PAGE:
Creem suggested several reasons why "Don't You Want Me" rocked the music world. "1) it was unbelievably catchy; 2) it had 'historical value,' proving that synth-drenched 'new music' could mean big bucks; 3) it scored populist points by way of the Jane Q. Public female singer; and 4) it was uncommonly heavy on lyrical plot, giving each lover's point of view, and creating on the whole one of the fullest modern pop story lines [ever]." Unfortunately for the still very undeveloped band, big success meant they had to tour. "We were rotten," Oakey told Rolling Stone's James Henke. "We went out as a group that had never played together before. Even when we did the record, we didn't play together--everybody recorded his part separately. And we had Jo, who is a great guitarist, playing keyboards--and he'd never played keyboards in his life before." Although audiences and critics were put off by the out of tune live performances, it didn't stop them from buying the record and keeping it on the charts for months.

In 1983 the Human League released the EP Fascination! Top Ten hits "Fascination" and "Mirror Man" made it big on the dance floors and "featured some undeniably irresistible hooks," according to Creem, but they weren't enough to satisfy the public hungry for the long-awaited follow-up to Dare. The wait drove the band and its producers crazy, too. Two and a half years after Dare's release, the Human League finally completed Hysteria. It took three producers to get the job done: Martin Rushnet lost patience with the group, and Chris Thomas finally had to leave due to prior commitments, so it was producer Hugh Padgham who finally nursed the album through to completion. Apparently, it was the suggestion by the record company that the band would soon be broke that truly spurred them to finish Hysteria.

With its release came the problem that would forever haunt the Human League: nothing could compare to Dare. Hysteria sold well, and die-hard fans like Melody Maker's Colin Irwin felt it "drips with hit singles," but most reviews mirrored Richard Grabel's in Creem: "Hysteria is no Dare. It completely missed that stylistic surety, the confidence and sense of vision and purpose that made Dare so distinctive." The band did win praise for Jo Callis's guitar work and for the surprisingly meaningful lyrics on "The Lebanon," but a lack of direction and ongoing producer problems took their toll. Grabel called Hysteria "a very flawed record that still reveals, here and there, an underlying talent for making the kind of songs that catch you the first time and stick with you. A little rethinking, a little concentration, and they could regain their former stature the next time around."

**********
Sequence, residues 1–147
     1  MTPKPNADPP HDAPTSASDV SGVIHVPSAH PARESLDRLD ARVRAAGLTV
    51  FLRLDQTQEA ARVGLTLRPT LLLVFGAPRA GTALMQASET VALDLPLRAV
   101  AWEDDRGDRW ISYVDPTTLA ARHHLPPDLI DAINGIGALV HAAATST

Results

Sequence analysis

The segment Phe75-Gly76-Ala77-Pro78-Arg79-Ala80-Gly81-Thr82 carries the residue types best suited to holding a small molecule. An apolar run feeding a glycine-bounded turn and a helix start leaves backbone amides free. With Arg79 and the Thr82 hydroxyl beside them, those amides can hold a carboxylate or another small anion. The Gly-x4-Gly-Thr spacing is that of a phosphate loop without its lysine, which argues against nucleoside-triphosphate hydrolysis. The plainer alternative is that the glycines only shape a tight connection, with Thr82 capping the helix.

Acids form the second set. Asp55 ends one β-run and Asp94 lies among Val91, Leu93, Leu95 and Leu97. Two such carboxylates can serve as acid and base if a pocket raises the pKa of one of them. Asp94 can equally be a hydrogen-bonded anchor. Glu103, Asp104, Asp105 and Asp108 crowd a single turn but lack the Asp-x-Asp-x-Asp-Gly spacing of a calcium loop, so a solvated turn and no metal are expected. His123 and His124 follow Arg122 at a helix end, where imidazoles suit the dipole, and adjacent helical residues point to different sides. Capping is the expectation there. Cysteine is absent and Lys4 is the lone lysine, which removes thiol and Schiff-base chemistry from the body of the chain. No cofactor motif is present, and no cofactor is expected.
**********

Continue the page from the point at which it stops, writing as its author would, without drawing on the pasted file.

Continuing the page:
They did not regain that stature. While Dare sold six million copies worldwide, Hysteria and the group's following album, Crash, sold only two million between them. The 1986 Number One single "Human" and a Greatest Hits album kept the Human League in the public eye, but continued attempts to recover their early fame failed. The League's 1990 release Romantic? flopped. Repackaging, pairing down to just Oakey, Catherall, and Sulley, and signing with a new label--Elektra's East West--produced 1995's Octopus. The single "Tell Me When" reached No. 1 on the British pop singles chart; still, it was all but dismissed by the American press. Entertainment Weekly opined that "Octopus sounds as if it were recorded a decade ago and buried in a time capsule." The competition was too fierce; the band was outflanked by groups inspired by them but doing their music one better.

The Human League is credited with changing the face of British pop. They had the biggest record sales of any act for five years, influencing a remarkable number of bands with their sound and their look. The members never became big-headed superstars--in fact, they never moved from their hometown of Sheffield, England. The group's goal was to make good pop music that would get people dancing and sell records. However, their continual attempts to redefine themselves and their sound made their fan base a constantly changing entity, with many listeners being disappointed over not hearing the sorts of songs they had enjoyed previously. And always there was the pressure of their first brilliant album hanging over them. But the Human League has high hopes, good intentions, and a stubborn streak. As Oakey told Melody Maker, "We have to make records. We can't do anything else."

by Joanna Rubiner

Human League, The's Career

Band formed in Sheffield, England, 1977; signed by Virgin Records, 1978; released first major label album, Reproduction, 1979; radical bandmember change, 1980; first success with single "Sound of the Crowd," 1981; major success with Number One song "Don't You Want Me" from their Number One album Dare, 1981; comeback album, Octopus, released on East West Records, 1995.